I always end up waving my arms around and exclaiming the same thing: When
    something isn't working out for a company, quit pointing fingers and start
    coming up with new ways to get the job done. For mags, this means figuring
    out ways to stay afloat with less advertising revenue; for advertisers, it
    means evaluating their ads, their products, and where they're buying ad
    space.

  • http://jossisahottie.com/whedoncraft/ Kiba

    So I'm doing a double reply, one to the original post and one to Shannon's comment.

    First, ORIGINAL POST REPLY! I think that my notion of what a magazine should cost has been so distorted by the ad-supported mags that I have no sense of what it is worth. I only bought a couple issues of CRAFT ever – maybe just the special Halloween one, even – and that's because I was not at all thinking about its worth when I looked at the price, but instead was just thinking, “$15! That is a lot for a magazine!” (Like I said – no consideration at all of what I'd get for my $15, which I now realize is A LOT.) I love the Craftzine site/blog, but I feel like one thing CRAFT gets right in print is the tactile experience so unique to actually reading a magazine you can hold in your hands. If I had been pushed to think about this concern a while ago, I might've bought more issues, and since they have their back issues available for purchase, I may go on and get those over time.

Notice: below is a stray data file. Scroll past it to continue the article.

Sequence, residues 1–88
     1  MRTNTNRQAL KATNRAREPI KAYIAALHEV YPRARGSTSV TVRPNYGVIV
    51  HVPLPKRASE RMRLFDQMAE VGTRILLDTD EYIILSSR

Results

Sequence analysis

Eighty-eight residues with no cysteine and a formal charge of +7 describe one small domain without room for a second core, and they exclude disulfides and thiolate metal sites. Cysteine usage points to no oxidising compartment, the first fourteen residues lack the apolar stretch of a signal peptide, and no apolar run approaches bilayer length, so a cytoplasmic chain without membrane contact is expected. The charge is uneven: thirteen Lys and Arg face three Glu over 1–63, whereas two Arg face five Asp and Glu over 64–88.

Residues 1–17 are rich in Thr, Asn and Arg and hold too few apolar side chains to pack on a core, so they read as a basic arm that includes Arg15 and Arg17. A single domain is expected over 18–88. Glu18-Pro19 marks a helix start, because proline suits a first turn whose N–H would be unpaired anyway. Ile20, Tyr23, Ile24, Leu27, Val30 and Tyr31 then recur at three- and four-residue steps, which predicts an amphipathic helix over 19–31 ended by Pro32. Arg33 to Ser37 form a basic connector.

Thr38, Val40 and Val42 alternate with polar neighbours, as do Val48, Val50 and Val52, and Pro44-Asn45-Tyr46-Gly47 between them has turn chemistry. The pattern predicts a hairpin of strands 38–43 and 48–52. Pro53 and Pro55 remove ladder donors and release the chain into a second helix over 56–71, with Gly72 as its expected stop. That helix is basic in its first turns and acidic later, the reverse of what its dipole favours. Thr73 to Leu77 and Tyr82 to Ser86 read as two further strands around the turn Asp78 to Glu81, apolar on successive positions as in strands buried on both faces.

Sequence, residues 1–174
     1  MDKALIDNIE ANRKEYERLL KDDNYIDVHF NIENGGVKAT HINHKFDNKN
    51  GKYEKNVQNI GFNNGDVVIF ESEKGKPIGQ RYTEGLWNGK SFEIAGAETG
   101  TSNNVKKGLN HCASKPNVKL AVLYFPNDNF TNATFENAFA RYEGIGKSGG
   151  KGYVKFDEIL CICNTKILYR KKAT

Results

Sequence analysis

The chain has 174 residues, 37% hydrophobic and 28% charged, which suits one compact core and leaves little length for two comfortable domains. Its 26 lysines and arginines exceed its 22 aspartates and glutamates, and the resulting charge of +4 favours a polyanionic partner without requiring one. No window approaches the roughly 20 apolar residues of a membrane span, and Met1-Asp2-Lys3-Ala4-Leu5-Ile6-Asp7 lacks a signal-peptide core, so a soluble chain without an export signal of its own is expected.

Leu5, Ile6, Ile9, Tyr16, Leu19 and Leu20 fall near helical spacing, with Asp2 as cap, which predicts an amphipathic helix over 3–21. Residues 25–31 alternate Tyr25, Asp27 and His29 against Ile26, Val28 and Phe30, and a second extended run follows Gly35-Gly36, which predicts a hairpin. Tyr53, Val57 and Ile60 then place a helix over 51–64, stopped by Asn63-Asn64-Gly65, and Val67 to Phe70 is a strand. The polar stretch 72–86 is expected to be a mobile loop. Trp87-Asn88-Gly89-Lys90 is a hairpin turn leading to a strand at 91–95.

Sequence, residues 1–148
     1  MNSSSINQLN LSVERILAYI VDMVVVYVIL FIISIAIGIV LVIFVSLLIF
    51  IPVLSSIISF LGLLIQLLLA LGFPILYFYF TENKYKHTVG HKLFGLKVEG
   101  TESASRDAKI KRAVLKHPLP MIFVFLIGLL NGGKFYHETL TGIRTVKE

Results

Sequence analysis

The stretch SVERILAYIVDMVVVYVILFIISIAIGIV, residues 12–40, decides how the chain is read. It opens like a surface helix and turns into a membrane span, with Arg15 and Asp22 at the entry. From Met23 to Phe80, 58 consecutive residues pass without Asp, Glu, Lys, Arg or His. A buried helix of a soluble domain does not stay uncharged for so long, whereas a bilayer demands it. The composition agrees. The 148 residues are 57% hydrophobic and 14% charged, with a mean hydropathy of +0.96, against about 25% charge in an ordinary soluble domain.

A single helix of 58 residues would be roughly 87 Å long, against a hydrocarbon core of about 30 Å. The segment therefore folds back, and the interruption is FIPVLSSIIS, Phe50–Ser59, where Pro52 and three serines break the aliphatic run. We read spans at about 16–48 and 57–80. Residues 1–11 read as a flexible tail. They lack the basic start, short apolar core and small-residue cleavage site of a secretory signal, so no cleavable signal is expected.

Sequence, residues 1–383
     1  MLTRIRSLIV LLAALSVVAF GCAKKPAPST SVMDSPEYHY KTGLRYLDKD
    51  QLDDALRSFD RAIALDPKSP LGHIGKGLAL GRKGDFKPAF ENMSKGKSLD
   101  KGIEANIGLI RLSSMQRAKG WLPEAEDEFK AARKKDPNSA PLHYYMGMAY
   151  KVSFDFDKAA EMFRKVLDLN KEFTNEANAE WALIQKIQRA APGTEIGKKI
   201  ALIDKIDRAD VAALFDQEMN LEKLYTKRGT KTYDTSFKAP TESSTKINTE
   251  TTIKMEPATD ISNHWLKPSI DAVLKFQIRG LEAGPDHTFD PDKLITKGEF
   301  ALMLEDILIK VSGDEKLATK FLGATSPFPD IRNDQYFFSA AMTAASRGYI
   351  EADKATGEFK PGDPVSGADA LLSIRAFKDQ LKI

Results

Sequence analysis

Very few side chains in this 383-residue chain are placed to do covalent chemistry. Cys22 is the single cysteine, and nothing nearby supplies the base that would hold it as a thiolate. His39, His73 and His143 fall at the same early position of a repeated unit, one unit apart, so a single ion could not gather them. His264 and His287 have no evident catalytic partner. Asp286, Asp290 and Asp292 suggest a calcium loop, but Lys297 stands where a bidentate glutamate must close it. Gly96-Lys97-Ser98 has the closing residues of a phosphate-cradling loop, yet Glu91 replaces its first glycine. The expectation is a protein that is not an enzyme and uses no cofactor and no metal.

SHANNON'S COMMENT REPLY! Specifically re: Dr. Horrible. I bought Dr. Horrible on iTunes (my only iTunes video purchase ever), the soundtrack on iTunes, and the DVD. I was willing to throw that money their way for two reasons. 1) I knew it was going to actually get to them (as you've mentioned) but also 2) (more than 1!) I felt like it was going to real people with whom I have a connection and whose work I wanted to support in a very direct way. I love Joss Whedon to the point of absurdity (if I explain how much I just end up sounding like I'm trying to make myself out to be a Big Name Fan) and I love his work. And as long as his work continues to satisfy me, I will continue to pay for it, especially when I know he and the other brilliant creative people with whom he works are getting the money. They added an untold amount of value to the DVD, which also helped.